Here at okc.net I get random samples of music. Because I love music so much, I’m willing to listen to a lot of it. Or at least give it a fair shot.Â This means you might find me (or members of our writing collective) at various venues, or when we are waylaid with other business or family issues then it becomes a matter of when we can make it out to the next show. This Sunday there’s a fair chance we will be at Form + Function catching acoustic sets featuring Magnificent Bird,Â Sea Couch, Young Readers, Luna Moth, and Nathan D’Coby Richards.
All said, this is not my first brush with Magnificent Bird. A few years ago I remember searching for local music via the Oklahoma Rocks blog. It was the first iteration of Magnificent Bird that had peaked my interest, but then some time went on, and life went on, and then tadaa I find our paths have crossed again. So their most recent work, “Superdark Can Happen To Anyone,” quickly caught my attention. And by quickly, I mean there’s a sort of darkly melodic yet ambient tone that is consistent throughout the album. Their percussive elements have a pensive quality, most notably heard in songs like “The Married Woman,” and in “Awful.” And since I lack Daniel Page’s extensive musical training, I couldn’t tell you if all the instrumentals kept time perfectly.Â I can, however, write about lyrics and the kind of expansive sound you can expect to hear.
The songs on “Superdark Can Happen To Anyone” are layered, and what I like most about the album is that it maintains that dark tone, which lends well to having an overall cohesiveness, yet it retains enough variety of sound to be enjoyably different from track to track. Lead vocals are primarily sung by Nathan Lofties, but there are a few songs like “Lazy Daisy,” and “No Where to Hide” that are sung by ex-band member Tiffany Criswell.Â Actually, “No Where to Hide” reminds me of PJ Harvey circa “White Chalk.” There’s some experimental elements laced throughout the songs, and lyrically the themes are confessional. On Magnificent Bird’s bandcamp page they describe their sound as:Â ambient, cowboy indie, indie rock, and space. All of these are fitting tags. What other bands or artists am I reminded of listening to this? Well, on “Superdark” I’m strongly reminded of Sufjan Stevens, mostly this has to do with the execution of the chorus, but only if someone took one of Sufjan Stevens sweet upbeat songs that’s still sad (like Casimir Pulaski Day) and laced it with a dose of Mount Eerie (O My Heart) or Sun Kil Moon (Third and Seneca). All said, I did enjoy the vast majority of this album.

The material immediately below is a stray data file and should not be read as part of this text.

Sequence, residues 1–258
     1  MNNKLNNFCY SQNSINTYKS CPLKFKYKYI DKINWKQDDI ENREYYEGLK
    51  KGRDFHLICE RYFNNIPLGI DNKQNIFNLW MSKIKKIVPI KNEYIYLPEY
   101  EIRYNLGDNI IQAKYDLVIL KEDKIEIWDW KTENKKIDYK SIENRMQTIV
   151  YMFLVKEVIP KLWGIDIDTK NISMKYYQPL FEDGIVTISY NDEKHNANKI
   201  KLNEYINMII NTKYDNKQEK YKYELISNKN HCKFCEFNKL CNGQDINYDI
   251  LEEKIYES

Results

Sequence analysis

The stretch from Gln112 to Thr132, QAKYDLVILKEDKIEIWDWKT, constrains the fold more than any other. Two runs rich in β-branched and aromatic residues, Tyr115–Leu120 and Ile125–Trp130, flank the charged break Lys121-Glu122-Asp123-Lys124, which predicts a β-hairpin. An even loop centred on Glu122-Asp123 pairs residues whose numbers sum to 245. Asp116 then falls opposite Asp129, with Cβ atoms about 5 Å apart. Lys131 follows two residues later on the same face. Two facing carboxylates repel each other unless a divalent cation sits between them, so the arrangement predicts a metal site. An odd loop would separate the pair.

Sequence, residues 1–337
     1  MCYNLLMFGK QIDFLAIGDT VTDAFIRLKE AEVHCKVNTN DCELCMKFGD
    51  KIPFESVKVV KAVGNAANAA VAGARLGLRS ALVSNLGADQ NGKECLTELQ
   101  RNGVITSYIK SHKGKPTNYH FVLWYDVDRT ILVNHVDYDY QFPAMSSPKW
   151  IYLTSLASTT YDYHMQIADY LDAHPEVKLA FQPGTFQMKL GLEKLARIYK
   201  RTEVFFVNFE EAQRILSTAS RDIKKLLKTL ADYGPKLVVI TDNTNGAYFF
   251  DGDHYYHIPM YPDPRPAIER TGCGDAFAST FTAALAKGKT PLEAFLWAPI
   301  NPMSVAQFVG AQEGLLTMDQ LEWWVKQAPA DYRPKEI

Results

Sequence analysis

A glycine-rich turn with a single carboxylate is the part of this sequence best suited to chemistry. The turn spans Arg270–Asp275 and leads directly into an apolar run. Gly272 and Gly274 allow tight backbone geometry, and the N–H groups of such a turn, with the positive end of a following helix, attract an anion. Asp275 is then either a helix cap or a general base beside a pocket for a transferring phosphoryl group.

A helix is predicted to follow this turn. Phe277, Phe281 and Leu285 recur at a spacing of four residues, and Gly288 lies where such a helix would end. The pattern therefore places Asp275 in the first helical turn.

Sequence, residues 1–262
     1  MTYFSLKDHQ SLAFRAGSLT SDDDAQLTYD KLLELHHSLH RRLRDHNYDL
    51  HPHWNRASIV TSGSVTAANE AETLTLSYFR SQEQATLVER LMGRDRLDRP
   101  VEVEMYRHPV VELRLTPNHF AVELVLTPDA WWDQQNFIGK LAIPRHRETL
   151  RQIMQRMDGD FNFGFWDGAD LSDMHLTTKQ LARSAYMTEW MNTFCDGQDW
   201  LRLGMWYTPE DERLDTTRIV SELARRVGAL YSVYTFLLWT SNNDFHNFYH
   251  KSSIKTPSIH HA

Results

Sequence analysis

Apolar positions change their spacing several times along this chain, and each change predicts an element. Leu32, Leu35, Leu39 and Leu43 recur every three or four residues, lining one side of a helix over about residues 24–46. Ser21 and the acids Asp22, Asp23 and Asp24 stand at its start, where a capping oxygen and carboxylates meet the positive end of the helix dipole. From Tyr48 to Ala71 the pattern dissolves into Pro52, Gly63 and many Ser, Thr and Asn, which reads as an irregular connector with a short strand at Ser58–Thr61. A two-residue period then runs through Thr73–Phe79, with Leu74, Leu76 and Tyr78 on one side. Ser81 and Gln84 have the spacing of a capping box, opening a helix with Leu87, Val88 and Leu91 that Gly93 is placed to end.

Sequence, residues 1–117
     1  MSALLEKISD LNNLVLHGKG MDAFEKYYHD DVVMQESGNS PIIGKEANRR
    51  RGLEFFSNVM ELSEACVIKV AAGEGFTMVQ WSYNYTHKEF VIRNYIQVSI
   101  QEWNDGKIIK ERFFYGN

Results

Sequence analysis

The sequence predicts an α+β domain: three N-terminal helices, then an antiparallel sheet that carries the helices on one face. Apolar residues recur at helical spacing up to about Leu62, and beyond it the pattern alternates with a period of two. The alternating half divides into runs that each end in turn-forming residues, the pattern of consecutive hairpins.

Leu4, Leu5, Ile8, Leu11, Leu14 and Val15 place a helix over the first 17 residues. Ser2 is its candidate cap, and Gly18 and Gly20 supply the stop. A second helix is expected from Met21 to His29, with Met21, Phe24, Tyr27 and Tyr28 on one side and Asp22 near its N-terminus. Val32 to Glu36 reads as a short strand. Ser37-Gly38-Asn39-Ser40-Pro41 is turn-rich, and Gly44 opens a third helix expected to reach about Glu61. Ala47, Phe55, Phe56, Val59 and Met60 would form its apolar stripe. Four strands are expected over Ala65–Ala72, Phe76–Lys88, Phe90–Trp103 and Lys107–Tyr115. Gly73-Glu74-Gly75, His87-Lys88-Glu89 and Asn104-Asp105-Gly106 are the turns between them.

Naturally, I became curious and wanted to know more about Magnificent Bird.
okc.net: Who is in the band?
Lofties: Steve Boaz (owner of Breathing Rhythm Studio), Kyle Reid, Sarah Reid and myself. They’re brother and sister, not married. We’re not trying to work any weird angles.
okc.net: I appreciate they’re skipping the Meg White/Jack White ambiguous pairing scenario. Â
okc.net: When did it start?
Lofties: I’ve been recording music by myself since I was a teenager, but this project started about six years ago when I started sporadically recording with some friends. I took it seriously, but I wasn’t doing much about it, and there were a few years of general inactivity until I got it in me to finish the first full length. Over the course of the last year I lost a very talented band member, but Steve got on board and has put as much faith and time into this project as I have, and then the Reids got involved and everything just felt like it was falling into place, so in a lot of ways it feels like we’re just starting out. It feels like a brand new band.
okc.net: How many albums do you have?
Lofties: Just the one full length, Superdark Can Happen to Anyone, which was finished last year. We’re in the middle of recording a follow up in Boaz’s studio, which will be less of me sitting in my bedroom writing all the parts by myself and more of getting everyone involved in the creative process. I’m no longer King and Tyrant. Just President for Life.